His mother said hello in her bright, business-like voice. It was followed by a long silence and then a new voice, a little hoarse and very cold. Mom’s “Dad voice,” Ezra called it.

Ezra sat on his bike and stared over the handlebars and down at the fat, knobby wheel. He wasn’t sure he wanted to talk to his father just then, not with his mother around, anyway. She always got so weird.

“Yes, I know the agreement, Phillip,” he heard his mother say, her voice louder now but still hoarse.

Ezra rocked back and forth on his bike pedals, keeping his balance. The knot tightened between his eyebrows like a rubber band.

“Well, that’s your problem, Phillip. You should have thought about that before you went traipsing down to the Caribbean. Don’t … Don’t you threaten me . … “

Ezra started off on his bike now, as fast as he could, around the dining room table and a slingshot back to the living room. He slammed the bike into one pile of toys, crunched over it, turned and started for the other pile when he lost his balance. He got his feet back on the pedals, then popped a giant wheelie and slammed the front tire right down on the Bat Cave.

He liked the sound of it, all those crunching, popping noises under the bike’s big fat knobby tire, so he did it again and again and again…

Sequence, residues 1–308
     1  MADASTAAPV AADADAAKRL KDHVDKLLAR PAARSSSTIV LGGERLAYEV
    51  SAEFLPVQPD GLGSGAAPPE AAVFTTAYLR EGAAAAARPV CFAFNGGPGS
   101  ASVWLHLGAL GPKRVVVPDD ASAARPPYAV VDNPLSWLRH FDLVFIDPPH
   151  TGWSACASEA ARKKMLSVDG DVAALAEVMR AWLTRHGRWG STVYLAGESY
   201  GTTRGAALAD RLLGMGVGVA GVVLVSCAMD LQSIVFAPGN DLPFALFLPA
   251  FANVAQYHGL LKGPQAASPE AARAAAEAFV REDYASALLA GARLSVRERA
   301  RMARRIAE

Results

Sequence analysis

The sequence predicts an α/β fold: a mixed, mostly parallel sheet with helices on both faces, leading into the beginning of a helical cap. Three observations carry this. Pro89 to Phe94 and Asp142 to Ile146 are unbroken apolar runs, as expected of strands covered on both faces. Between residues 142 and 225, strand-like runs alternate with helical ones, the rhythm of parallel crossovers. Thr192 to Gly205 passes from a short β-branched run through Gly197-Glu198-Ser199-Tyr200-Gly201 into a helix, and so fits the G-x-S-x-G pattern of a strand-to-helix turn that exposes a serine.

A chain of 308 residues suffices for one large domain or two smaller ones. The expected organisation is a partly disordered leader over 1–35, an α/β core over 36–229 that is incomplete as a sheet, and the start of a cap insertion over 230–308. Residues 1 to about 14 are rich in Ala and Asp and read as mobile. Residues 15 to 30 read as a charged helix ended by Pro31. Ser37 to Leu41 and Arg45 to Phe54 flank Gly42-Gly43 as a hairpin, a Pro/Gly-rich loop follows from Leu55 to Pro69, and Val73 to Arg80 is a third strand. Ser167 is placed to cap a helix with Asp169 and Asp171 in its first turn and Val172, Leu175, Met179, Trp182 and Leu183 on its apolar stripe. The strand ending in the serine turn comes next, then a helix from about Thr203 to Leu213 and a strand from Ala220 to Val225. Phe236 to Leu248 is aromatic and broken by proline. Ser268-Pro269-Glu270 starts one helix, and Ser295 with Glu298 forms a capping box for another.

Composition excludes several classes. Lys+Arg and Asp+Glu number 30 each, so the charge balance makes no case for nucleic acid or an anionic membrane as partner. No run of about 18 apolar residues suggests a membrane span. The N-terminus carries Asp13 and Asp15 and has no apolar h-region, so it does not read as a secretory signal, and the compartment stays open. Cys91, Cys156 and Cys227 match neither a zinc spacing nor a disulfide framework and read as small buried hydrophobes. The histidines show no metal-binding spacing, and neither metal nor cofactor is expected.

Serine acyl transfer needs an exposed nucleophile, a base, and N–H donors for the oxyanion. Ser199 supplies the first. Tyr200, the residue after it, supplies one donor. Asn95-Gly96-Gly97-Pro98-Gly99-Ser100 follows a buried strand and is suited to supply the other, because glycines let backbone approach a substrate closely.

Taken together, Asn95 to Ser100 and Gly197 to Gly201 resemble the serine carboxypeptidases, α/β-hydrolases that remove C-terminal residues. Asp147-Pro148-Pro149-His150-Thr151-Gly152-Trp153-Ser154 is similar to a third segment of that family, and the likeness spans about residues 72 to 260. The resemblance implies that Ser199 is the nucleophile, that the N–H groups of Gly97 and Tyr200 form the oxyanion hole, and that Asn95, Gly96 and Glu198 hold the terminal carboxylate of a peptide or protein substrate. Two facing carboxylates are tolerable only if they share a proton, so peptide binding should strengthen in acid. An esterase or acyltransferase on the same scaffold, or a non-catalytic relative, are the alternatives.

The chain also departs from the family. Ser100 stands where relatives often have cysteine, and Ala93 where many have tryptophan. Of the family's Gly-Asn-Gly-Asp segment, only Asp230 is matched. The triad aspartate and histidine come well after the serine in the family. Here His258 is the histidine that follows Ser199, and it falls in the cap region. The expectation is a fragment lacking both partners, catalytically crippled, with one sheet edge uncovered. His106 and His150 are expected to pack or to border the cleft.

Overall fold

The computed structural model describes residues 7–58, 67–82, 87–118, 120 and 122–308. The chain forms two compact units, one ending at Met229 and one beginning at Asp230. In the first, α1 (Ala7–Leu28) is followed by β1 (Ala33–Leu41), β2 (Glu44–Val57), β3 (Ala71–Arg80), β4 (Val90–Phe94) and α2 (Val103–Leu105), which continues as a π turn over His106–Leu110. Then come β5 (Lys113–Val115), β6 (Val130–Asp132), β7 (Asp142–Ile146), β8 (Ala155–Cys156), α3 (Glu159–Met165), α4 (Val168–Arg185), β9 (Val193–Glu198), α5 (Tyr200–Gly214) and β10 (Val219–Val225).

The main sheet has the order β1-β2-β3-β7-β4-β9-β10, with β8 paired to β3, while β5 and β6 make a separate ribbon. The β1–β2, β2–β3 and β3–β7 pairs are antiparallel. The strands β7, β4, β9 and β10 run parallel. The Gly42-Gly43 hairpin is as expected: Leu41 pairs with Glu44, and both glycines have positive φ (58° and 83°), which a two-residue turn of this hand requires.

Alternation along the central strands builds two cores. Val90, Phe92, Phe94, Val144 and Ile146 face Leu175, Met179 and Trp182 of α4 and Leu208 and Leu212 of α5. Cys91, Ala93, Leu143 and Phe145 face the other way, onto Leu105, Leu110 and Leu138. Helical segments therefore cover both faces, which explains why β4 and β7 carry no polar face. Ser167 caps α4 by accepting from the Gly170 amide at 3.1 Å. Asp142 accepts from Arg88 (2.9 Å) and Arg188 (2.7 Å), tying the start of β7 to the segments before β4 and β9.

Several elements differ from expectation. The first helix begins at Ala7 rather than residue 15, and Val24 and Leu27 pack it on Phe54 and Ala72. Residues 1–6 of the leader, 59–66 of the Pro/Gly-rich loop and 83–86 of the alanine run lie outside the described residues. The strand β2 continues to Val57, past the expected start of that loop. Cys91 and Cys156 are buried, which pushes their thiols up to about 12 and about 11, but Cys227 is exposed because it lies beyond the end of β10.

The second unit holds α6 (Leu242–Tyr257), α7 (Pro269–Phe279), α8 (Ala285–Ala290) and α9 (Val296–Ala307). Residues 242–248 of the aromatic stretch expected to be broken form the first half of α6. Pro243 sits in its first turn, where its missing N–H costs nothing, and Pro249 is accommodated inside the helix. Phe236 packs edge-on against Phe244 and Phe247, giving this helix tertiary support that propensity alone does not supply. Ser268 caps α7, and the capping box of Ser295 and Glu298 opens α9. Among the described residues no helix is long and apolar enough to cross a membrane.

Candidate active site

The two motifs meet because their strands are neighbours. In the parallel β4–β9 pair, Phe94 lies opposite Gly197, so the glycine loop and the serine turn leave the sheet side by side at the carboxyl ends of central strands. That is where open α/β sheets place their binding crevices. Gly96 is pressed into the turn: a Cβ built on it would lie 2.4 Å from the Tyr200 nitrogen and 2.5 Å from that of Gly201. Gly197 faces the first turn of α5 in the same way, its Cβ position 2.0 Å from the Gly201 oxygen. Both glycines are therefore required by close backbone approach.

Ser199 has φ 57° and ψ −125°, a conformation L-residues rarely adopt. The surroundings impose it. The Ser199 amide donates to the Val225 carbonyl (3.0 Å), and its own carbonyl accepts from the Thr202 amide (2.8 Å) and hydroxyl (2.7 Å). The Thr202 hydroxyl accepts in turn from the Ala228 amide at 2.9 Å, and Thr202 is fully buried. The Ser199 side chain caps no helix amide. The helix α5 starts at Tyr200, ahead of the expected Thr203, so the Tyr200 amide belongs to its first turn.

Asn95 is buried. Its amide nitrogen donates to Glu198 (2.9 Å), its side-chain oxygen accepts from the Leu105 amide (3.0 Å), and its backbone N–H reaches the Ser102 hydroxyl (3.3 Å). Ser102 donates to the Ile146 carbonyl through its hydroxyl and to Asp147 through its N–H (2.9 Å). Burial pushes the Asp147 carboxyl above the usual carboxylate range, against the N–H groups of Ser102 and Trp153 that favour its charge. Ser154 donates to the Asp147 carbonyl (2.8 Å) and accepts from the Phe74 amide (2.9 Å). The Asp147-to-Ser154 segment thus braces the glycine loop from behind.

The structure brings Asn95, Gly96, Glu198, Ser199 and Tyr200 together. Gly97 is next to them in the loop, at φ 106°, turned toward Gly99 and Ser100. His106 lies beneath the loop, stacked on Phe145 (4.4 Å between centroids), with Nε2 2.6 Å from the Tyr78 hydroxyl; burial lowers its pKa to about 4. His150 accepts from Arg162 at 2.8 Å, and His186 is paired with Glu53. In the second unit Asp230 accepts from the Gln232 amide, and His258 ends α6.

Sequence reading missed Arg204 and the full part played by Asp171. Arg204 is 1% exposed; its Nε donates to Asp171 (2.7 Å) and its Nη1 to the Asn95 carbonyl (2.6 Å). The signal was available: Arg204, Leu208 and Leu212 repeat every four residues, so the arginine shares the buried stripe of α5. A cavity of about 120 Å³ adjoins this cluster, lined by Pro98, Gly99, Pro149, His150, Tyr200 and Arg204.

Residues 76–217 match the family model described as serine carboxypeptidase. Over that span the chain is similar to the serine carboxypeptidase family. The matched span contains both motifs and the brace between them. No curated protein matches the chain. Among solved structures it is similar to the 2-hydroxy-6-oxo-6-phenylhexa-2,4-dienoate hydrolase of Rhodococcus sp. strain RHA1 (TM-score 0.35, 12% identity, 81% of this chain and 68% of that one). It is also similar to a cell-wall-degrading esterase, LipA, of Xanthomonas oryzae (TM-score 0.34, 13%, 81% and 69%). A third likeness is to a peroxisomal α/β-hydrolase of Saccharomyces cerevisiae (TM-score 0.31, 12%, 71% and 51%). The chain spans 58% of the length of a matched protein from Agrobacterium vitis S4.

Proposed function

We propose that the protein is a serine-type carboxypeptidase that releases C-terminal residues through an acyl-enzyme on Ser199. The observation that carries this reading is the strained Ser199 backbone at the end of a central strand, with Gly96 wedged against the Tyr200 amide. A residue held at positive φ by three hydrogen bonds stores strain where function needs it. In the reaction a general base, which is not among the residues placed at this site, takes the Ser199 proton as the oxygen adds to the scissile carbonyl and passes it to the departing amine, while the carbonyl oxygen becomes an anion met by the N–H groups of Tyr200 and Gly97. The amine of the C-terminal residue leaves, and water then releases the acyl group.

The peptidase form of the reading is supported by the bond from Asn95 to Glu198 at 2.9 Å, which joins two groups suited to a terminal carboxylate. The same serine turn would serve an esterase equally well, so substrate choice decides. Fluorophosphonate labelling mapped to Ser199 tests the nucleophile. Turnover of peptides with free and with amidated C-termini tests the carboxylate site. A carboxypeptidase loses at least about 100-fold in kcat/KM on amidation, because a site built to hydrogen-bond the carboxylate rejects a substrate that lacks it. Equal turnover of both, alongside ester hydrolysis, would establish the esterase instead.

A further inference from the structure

His mother stood in the entry from the kitchen, her hands throttling the phone.

“Go to your room!” she shouted. She pointed a finger at the hallway stairs. “Did you hear me! Now!”

He got off the bike and let it fall on its side to the carpet. His mother was trembling now, on the verge of tears, but it only made Ezra madder.

“I don’t care!” he shouted. “It was a bunch of crappy old stuff anyway!”

“Go to your room this instant!”

He ran out of the room and up the stairway to his bedroom, where he slammed the door and, still breathing hard, sat down at his computer screen.

Mother sobs

He was lying in bed watching TV – some old black-and-white movie about this geezer who kept seeing Christmas ghosts, none of them very scary, really, except maybe the one who came clonking up the stairs in chains and moaning, which was pretty cool, actually – when his mother tapped at his door.

“Ezra, may I come in?”

“No,” he said, but not very insistently.

“Are you sure?”


“Well, then, turn off your TV and go to sleep. It’s late, honey. We can talk in the morning.”

“I don’t want to talk.”

“Just go to sleep, honey. OK?”

“Why? There’s no school tomorrow.”

“I thought we might go to church in the morning, honey.”


“Because it’s Christmas, Ezra.”

“So what.”

“Ezra, don’t talk like that.”

He heard his mother sob, and that always got to him.

“I’m sorry, Mom.”

Her voice choked. “Just go to bed.”

“I will.”

But when he turned off the TV and snapped off the light, he lay wide awake on his bed, the little twisty knot tightening as he thought about how much he hated Christmas and hated his father for not being there and hated himself for having behaved so badly and hurting his mother.